How It's Supposed To Be

By Allie Brickman

“What screws us up most in life is the picture in our head of how it is supposed to be.” -Anonymous

Many of us are constantly bombarded with the notion that, by now, we should fully and completely understand ourselves and what we want in life. Self-discovery is encouraged in one’s youth- usually in one’s teenage years- but by the time you get to be in your mid-twenties people expect you to pretty much know where you’re headed, who you are, and have all your ‘stuff’ figured out.

This puts a huge pressure on us to get all of our self-exploration done early and to figure out the right path to take “before it’s too late.” I know, for myself, I do not yet have a clear picture of what I want my future to be. I know my career, and some aspects of what I want in a partner, but the rest is sort of like this gray- ever evolving and shifting- blob. And this makes me uncomfortable. I started thinking to myself…why? I’ve come to the conclusion that it is partly due to human nature. We want to have everything figured out. Both religion and science are two sources used to help satisfy our burning desire to understand the world around us. As humans, we want to know…which doesn’t stop when it comes to ourselves.

Secondly, society places a large emphasis on having it all figured out at a young age. Kids grow up watching love stories like Cinderella, Snow White, etc. where the main characters find everlasting love in their teens. While there are more and more movies depicting non-traditional stories of love (whether with age, sexuality, etc), the majority focus their love stories on young individuals finding their perfect mate and settling down early on. And by the time you’re out of college if you’re still not sure what you want to do with the rest of your life, you’re going to feel the backlash from society, and most likely, your family.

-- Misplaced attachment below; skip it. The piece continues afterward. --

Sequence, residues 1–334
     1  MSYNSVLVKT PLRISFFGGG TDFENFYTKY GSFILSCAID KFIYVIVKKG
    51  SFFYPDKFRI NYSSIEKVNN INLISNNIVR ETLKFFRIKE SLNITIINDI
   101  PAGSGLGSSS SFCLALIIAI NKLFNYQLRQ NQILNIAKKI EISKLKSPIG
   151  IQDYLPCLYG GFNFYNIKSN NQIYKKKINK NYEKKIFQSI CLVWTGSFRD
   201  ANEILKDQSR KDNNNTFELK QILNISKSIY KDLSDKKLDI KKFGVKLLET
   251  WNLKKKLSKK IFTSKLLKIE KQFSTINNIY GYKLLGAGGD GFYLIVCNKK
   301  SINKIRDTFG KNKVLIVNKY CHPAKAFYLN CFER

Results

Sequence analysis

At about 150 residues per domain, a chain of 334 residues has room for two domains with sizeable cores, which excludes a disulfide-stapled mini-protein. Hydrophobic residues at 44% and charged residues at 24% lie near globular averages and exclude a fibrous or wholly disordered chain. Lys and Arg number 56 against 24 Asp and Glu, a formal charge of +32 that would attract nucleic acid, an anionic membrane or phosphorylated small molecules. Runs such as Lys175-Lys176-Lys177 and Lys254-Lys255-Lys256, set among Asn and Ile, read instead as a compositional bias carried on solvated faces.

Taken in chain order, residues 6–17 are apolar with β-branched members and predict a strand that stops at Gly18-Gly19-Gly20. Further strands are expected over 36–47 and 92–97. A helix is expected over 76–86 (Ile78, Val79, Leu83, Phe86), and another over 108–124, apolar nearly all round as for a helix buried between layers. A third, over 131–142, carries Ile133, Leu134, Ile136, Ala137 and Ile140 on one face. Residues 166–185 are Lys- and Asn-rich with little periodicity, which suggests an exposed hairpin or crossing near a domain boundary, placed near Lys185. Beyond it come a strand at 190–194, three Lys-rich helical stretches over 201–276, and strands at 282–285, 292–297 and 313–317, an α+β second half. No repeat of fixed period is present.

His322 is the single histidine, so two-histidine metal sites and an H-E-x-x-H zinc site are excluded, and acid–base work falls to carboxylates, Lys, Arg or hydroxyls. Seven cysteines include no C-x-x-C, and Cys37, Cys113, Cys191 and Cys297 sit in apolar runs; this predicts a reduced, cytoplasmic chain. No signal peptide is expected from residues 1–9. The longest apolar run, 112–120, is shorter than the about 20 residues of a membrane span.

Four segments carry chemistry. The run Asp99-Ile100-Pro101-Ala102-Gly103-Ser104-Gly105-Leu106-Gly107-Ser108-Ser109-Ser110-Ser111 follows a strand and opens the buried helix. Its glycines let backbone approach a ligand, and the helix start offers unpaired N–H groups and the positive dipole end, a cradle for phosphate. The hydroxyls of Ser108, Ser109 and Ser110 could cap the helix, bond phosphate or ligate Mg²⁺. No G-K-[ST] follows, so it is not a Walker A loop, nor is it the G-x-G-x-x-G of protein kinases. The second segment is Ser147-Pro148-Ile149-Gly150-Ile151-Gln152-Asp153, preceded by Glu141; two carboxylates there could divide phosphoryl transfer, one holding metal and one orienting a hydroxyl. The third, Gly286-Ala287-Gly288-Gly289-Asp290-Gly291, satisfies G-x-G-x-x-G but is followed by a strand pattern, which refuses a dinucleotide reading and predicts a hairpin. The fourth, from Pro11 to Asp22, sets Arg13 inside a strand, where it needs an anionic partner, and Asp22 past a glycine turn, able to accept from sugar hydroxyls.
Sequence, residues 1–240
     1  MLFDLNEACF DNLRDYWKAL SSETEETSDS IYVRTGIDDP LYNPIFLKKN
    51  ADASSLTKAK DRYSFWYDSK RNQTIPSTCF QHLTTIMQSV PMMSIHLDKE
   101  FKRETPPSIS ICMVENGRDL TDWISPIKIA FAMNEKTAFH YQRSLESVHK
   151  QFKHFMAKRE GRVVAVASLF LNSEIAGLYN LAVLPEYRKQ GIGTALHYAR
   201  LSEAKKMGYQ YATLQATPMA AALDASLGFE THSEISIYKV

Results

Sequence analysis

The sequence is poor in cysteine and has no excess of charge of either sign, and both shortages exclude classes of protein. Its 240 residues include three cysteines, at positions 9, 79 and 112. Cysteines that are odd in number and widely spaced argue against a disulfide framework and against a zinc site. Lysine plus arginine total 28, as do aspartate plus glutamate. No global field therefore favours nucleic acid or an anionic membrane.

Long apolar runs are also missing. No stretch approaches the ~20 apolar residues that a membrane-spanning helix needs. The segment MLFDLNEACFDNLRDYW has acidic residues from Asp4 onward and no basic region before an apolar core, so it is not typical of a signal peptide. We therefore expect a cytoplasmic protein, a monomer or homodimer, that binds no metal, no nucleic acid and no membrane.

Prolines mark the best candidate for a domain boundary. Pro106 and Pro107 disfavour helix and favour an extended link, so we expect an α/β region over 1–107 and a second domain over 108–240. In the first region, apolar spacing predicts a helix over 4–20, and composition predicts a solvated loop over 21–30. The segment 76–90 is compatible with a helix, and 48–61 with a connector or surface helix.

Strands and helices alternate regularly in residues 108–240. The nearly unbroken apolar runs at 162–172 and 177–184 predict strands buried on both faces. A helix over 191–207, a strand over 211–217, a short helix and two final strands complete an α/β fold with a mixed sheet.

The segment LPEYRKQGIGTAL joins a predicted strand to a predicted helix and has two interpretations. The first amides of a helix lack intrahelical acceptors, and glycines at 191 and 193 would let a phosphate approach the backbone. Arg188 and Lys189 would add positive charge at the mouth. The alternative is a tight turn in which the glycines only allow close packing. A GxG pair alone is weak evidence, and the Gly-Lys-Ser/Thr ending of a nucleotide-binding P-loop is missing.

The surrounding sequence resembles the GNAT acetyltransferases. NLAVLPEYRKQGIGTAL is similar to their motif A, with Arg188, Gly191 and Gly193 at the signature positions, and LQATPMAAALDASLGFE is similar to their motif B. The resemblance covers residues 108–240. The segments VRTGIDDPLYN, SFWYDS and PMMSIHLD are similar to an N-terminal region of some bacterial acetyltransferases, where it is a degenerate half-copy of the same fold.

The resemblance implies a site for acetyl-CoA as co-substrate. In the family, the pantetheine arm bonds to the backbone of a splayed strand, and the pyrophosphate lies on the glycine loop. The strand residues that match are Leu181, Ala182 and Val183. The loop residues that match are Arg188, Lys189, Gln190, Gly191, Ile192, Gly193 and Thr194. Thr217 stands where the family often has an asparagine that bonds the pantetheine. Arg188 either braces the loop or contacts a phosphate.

While society may have you thinking you’re far behind the pack by not having everything figured out just yet, consider that many psychologists believe that stages of development carry on throughout your entire life…birth until death. With this mindset, it can be argued that it is actually impossible to have everything figured out early on. Or, perhaps to a less extreme, that one’s vision of a set or perfect future is likely to shift over time in some respects anyway.

If you are 20 or 30 or 40 or 50 or even 85, and you still find yourself on the self-discovery path…that’s normal! Don’t berate yourself for still having question marks in any realm of your life. Taking your time and enjoying life is the best way to find the true answers, rather than rushing into something because you feel you’re in a time-crunch.

Allow yourself those question marks and free yourself from the bonds of how you think you “should” be. In REBT (Rational Emotive Behavior Therapy) which I practice with my clients, we lovingly refer to “should’s” as “shoulding all over yourself.” As soon as you take the pressure off yourself to have it all figured out, you can start enjoying your path of discovery. So instead of scrambling to figure out the map or to adjust the GPS, just have a seat and enjoy the ride.

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